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Socioeconomic inequalities in suicide in Europe: the widening gap


Abstract

BACKGROUND: Suicide has been decreasing over the past decade. However, we do not know whether socioeconomic inequality in suicide has been decreasing as well.AimsWe assessed recent trends in socioeconomic inequalities in suicide in 15 European populations.
METHOD: The DEMETRIQ study collected and harmonised register-based data on suicide mortality follow-up of population censuses, from 1991 and 2001, in European populations aged 35-79. Absolute and relative inequalities of suicide according to education were computed on more than 300 million person-years.
RESULTS: In the 1990s, people in the lowest educational group had 1.82 times more suicides than those in the highest group. In the 2000s, this ratio increased to 2.12. Among men, absolute and relative inequalities were substantial in both periods and generally did not decrease over time, whereas among women inequalities were absent in the first period and emerged in the second.
CONCLUSIONS: The World Health Organization (WHO) plan for 'Fair opportunity of mental wellbeing' is not likely to be met.Declaration of interestNone.

Abstract

BACKGROUND: Suicide has been decreasing over the past decade. However, we do not know whether socioeconomic inequality in suicide has been decreasing as well.AimsWe assessed recent trends in socioeconomic inequalities in suicide in 15 European populations.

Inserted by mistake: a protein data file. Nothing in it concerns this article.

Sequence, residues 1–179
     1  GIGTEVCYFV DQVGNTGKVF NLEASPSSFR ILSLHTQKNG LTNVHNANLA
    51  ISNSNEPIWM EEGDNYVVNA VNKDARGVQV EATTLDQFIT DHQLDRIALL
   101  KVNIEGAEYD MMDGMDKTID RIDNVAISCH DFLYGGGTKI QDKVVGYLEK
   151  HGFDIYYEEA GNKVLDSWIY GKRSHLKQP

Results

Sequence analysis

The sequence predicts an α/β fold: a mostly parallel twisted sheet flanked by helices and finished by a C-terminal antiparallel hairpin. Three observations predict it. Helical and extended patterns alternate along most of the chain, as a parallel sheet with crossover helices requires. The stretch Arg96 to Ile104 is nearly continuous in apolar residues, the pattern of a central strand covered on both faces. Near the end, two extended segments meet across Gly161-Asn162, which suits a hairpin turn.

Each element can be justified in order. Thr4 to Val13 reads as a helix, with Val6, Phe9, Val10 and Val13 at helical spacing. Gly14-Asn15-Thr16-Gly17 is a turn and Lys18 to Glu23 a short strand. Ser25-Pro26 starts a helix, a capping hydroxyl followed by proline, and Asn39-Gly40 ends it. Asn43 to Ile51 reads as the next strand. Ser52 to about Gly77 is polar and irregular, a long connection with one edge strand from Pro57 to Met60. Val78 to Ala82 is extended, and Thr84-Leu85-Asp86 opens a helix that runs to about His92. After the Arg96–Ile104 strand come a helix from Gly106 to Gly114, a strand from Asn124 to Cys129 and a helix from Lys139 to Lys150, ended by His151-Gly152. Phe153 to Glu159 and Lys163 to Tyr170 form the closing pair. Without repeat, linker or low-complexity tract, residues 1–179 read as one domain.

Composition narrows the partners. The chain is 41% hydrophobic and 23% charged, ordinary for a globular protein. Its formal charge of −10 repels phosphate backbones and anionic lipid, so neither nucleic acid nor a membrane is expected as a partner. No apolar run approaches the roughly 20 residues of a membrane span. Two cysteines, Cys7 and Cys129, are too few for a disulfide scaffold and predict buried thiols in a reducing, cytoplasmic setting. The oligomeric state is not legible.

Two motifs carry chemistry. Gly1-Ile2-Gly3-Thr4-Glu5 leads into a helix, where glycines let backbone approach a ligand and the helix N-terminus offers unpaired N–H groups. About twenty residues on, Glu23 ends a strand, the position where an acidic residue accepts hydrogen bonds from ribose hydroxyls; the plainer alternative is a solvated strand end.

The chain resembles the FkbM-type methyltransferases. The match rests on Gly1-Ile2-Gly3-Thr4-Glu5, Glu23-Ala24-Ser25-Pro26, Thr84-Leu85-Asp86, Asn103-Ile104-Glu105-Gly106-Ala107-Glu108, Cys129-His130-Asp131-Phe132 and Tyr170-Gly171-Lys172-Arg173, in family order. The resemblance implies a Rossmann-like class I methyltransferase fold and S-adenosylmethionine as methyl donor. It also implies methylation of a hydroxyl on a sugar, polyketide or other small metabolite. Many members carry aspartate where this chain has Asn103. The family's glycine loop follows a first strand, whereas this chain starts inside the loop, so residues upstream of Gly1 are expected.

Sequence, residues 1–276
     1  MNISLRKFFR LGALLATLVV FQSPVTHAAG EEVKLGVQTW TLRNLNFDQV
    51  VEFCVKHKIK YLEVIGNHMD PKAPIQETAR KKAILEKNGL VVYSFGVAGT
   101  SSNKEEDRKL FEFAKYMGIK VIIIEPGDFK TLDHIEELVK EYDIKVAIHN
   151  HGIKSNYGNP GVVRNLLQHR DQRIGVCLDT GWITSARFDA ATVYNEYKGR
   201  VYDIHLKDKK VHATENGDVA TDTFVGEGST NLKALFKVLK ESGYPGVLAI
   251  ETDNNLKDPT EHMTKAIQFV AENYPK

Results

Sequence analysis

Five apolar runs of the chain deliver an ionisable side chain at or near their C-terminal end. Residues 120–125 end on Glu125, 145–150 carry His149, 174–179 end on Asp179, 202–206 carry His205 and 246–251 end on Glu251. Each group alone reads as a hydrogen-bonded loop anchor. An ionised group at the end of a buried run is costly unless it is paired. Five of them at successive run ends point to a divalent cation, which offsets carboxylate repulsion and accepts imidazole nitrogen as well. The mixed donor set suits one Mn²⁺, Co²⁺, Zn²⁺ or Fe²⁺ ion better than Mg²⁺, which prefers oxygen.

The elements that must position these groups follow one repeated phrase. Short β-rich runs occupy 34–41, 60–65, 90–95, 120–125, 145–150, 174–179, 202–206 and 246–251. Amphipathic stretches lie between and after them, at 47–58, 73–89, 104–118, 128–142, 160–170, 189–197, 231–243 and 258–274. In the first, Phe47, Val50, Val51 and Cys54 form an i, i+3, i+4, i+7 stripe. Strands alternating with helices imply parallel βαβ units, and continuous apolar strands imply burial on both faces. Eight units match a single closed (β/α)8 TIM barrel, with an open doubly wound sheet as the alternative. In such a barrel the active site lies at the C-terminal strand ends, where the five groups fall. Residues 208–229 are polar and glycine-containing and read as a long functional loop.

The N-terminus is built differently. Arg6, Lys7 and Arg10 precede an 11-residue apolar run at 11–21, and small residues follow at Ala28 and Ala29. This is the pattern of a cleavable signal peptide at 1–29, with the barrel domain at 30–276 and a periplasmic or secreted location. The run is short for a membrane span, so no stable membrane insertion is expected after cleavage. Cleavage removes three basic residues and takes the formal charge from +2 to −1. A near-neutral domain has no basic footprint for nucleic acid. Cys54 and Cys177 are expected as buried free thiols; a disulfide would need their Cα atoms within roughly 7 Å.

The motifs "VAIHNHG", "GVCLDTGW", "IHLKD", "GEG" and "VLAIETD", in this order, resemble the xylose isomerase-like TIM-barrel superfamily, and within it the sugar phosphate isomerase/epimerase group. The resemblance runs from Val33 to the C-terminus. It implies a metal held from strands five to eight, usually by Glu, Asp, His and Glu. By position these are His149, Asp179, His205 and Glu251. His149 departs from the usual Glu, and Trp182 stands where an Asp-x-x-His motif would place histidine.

METHOD: The DEMETRIQ study collected and harmonised register-based data on suicide mortality follow-up of population censuses, from 1991 and 2001, in European populations aged 35-79. Absolute and relative inequalities of suicide according to education were computed on more than 300 million person-years.
RESULTS: In the 1990s, people in the lowest educational group had 1.82 times more suicides than those in the highest group. In the 2000s, this ratio increased to 2.12. Among men, absolute and relative inequalities were substantial in both periods and generally did not decrease over time, whereas among women inequalities were absent in the first period and emerged in the second.
CONCLUSIONS: The World Health Organization (WHO) plan for 'Fair opportunity of mental wellbeing' is not likely to be met.Declaration of interestNone.

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Item Type:Journal Article, refereed, original work
Communities & Collections:04 Faculty of Medicine > Epidemiology, Biostatistics and Prevention Institute (EBPI)
Dewey Decimal Classification:610 Medicine & health
Uncontrolled Keywords:Psychiatry and Mental health
Language:English
Date:1 June 2018
Deposited On:04 Jan 2019 15:27
Last Modified:04 Jan 2019 15:29
Publisher:Royal College of Psychiatrists
ISSN:0007-1250
OA Status:Closed
Free access at:Publisher DOI. An embargo period may apply.
Publisher DOI:https://doi.org/10.1192/bjp.2017.32
PubMed ID:29786492

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